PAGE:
Behman was released on bail in June 2010.

In January 2010 he was convicted and ordered to serve a one-year sentence in prison. On May 31, 2011, when he showed up to start serving his sentence, he was informed that the suspension on the five-year sentence had been revoked.

Released

On March 2, Armenian Christian Sevada Aghasar was released from Tehran's Evin Prison on bail. Aghasar was arrested in Karaj on Aug. 21, 2013 after plain-clothes security authorities raided his office while he was inside with two converts from Islam.

Mohabat News reported that one of the two converts may have been released as well. No charges have been filed yet against Aghasar.

As Aghasar was leaving prison, Alireza Seyyendian, a convert from Islam, was returning from a five-day leave. In Nov. 2011 he was convicted on charges of spreading propaganda against the regime and acting against national security. He is serving a three-and-a-half-year sentence in prison, which he started serving in March 2012.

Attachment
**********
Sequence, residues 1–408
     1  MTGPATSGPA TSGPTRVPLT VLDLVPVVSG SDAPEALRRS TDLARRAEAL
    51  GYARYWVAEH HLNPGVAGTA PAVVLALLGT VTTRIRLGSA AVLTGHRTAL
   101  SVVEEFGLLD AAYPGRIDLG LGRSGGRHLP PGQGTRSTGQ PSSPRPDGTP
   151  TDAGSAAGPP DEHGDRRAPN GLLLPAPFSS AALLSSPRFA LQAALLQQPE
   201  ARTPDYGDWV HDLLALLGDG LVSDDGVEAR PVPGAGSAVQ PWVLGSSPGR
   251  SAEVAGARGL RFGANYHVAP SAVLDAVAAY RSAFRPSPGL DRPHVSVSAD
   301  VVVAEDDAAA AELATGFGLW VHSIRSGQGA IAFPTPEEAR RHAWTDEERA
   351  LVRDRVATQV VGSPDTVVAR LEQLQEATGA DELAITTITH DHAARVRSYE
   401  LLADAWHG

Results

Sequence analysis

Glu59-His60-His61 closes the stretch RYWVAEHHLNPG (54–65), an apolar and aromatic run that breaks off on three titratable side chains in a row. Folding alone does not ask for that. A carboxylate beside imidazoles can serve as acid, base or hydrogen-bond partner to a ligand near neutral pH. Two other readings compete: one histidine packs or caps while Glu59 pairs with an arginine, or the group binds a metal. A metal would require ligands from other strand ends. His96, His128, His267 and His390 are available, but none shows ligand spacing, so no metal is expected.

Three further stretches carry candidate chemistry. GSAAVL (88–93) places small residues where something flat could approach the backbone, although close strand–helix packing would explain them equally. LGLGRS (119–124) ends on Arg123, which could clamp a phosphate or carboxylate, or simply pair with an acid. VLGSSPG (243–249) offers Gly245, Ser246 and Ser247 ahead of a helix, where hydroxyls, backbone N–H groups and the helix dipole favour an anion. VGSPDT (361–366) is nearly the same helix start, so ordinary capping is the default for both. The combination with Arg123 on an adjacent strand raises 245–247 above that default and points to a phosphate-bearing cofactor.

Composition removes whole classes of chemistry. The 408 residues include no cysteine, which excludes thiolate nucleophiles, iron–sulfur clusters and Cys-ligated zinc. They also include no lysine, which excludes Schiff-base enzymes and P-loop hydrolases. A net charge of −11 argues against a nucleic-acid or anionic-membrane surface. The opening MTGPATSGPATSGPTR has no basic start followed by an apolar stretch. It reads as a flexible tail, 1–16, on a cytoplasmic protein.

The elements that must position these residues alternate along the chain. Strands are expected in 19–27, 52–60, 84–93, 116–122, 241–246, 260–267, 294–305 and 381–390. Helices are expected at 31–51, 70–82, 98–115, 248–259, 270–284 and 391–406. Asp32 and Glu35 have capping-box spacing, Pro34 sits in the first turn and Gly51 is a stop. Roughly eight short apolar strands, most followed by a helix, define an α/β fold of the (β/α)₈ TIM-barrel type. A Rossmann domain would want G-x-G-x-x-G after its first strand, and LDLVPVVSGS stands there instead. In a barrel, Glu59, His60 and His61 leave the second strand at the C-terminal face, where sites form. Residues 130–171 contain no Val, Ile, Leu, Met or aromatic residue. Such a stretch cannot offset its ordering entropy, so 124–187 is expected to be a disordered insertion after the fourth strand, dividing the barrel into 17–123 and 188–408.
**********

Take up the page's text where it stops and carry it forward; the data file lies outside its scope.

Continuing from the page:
U.S.-Iranian pastor Saeed Abedini continues to recover in a private hospital for chronic pain in his stomach, according to the American Center for Law and Justice, a U.S.-based group advocating on behalf of Abedini and his wife.

Mohabat News reported that at first he was receiving decent food and medicine for the first time in months. Earlier this week, however, Mohabat reported that doctors began withholding treatment from Abedini, and that security officers had shackled him to his hospital bed. The ACLJ has not publically confirmed reports of abuse but did state that Abedini had not received needed surgery.

Demars said that despite promises of reform from the government during the most recent elections, there has been no meaningful change in the way the government deals with Christians.

"Everyone knows the Ayatollah (Ali Hosseini) Khamenei (Supreme Leader of Iran) rules the country along with VEVAK, not the president and other elected officials," Morning Star News reported Demars said.

"The trend is more of the same; coordinated efforts on the part of VEVAK and the revolutionary courts to persecute Christians openly - threats, confiscation of materials, interrogations, brutality, guns pulled on peaceful people worshiping God and prison stays."

Middle East Concern noted that the UN Special Rapporteur on the Human Rights Situation in Iran, in his most recent report last month, said that at least 49 Christians were imprisoned in Iran for their faith.

"The house-church movement has been designated at the highest level as a threat to national security," the researcher said.

For more information about Morning Star News visit http://morningstarnews.org